classified PG S

Masters of Iranian Cinema


Please note: This was screened in June 2015

Mohsen Makhmalbaf
Shaghayeh Djodat, Hossein Moharami, Rogheih Moharami
75 mins, Subtitled, 1995, Iran

Astonishingly beautiful and profoundly poetic, Mohsen Makhmalbaf’s Gabbeh is quite possibly the most eye-poppingly gorgeous film ever made. This sumptuous allegorical tale focuses on an almost extinct nomadic tribe of South Eastern Iran who are famed for their intricately designed Persian "Gabbeh" carpets.

As the film opens, an elderly couple are bringing their rug (their gabbeh) to a small creek lagoon to wash it. Gabbehs are thick hand-woven wool rugs that contain geometric colour fields and images from nature or history. Suddenly, a young woman depicted on the carpet miraculously comes to life and relates a story of forbidden love. A richly textured weaving of costumes, landscapes, rituals, beliefs, ethnography and traditional storytelling that casts a seductive spell.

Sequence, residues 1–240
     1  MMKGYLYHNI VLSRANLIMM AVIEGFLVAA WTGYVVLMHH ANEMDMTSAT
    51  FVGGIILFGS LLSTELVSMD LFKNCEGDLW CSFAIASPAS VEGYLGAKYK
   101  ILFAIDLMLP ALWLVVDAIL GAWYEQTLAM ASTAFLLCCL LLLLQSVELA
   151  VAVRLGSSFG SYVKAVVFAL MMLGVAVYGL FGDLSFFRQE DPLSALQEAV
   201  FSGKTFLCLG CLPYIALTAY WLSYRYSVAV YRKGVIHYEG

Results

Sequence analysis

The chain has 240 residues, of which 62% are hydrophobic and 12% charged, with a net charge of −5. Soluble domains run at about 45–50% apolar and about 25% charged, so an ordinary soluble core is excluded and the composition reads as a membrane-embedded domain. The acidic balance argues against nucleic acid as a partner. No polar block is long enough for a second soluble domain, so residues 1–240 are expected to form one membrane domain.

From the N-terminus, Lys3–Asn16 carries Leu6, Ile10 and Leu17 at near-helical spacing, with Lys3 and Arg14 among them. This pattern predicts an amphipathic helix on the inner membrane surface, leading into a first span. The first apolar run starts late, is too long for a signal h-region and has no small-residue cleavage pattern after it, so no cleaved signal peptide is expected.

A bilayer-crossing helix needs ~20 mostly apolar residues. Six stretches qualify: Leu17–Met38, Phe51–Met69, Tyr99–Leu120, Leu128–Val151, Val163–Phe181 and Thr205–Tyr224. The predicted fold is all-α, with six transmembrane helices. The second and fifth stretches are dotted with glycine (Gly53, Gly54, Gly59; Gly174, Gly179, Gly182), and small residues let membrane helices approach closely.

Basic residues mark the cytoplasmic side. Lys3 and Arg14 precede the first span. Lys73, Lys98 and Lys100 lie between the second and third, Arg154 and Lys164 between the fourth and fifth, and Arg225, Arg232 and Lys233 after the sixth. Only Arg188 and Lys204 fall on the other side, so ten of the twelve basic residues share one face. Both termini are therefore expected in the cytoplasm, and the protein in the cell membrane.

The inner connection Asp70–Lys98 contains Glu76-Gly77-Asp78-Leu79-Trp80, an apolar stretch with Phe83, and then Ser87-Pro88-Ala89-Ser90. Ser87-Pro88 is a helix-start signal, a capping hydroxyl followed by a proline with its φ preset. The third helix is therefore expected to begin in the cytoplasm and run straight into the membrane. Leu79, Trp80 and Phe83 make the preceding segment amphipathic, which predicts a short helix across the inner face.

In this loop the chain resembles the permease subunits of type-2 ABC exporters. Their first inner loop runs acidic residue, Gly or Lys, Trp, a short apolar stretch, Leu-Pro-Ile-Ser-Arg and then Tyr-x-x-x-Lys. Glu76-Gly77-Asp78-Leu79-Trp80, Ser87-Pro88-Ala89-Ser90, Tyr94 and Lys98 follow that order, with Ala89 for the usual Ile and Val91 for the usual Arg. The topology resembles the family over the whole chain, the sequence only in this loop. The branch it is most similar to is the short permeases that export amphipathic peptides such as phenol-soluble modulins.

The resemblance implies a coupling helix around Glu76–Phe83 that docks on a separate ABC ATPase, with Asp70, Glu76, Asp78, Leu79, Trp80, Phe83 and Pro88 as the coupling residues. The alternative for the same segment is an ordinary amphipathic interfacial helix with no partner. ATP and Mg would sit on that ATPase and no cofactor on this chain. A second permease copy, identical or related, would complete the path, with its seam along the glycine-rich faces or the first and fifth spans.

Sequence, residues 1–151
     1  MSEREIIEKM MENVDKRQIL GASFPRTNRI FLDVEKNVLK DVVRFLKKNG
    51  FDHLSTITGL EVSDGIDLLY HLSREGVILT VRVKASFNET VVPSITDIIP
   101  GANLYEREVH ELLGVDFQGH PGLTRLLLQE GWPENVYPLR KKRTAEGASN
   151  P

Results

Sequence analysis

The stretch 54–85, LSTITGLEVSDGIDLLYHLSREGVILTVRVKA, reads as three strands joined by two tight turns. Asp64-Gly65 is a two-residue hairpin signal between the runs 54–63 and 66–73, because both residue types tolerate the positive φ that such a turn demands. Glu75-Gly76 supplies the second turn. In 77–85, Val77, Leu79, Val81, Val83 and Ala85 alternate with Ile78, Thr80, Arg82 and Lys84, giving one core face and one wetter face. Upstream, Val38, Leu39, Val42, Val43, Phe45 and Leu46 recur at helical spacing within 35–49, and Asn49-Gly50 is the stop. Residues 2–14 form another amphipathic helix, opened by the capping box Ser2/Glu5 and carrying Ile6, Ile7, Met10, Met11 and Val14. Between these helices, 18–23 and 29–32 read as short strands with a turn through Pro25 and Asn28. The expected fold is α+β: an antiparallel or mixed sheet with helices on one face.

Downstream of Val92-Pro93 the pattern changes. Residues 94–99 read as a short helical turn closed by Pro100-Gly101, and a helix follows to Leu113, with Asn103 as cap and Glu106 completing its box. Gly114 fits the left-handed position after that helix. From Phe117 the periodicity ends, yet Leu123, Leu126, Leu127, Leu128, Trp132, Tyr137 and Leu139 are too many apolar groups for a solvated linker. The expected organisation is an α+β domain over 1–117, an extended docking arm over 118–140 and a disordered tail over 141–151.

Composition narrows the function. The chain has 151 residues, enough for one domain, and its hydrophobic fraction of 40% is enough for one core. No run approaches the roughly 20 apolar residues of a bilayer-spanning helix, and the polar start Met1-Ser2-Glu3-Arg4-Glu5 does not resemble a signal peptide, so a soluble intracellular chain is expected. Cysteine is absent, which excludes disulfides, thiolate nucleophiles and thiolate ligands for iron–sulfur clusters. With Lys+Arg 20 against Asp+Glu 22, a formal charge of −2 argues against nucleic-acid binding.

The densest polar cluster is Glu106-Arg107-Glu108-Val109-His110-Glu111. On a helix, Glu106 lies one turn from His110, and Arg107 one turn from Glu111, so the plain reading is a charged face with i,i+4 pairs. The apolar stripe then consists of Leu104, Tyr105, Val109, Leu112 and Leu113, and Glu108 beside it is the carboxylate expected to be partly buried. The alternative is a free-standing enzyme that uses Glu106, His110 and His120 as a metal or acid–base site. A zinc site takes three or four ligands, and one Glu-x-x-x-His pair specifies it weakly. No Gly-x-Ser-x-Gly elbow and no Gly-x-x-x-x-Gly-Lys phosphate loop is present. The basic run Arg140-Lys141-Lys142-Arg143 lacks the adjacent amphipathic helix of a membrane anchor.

Love Iranian cinema? Then don't miss A Girl Walks Home Alone At Night, opening Fri 22 May.

“Movies such as this work like meditation or music, to nudge us towards the important.” Roger Ebert

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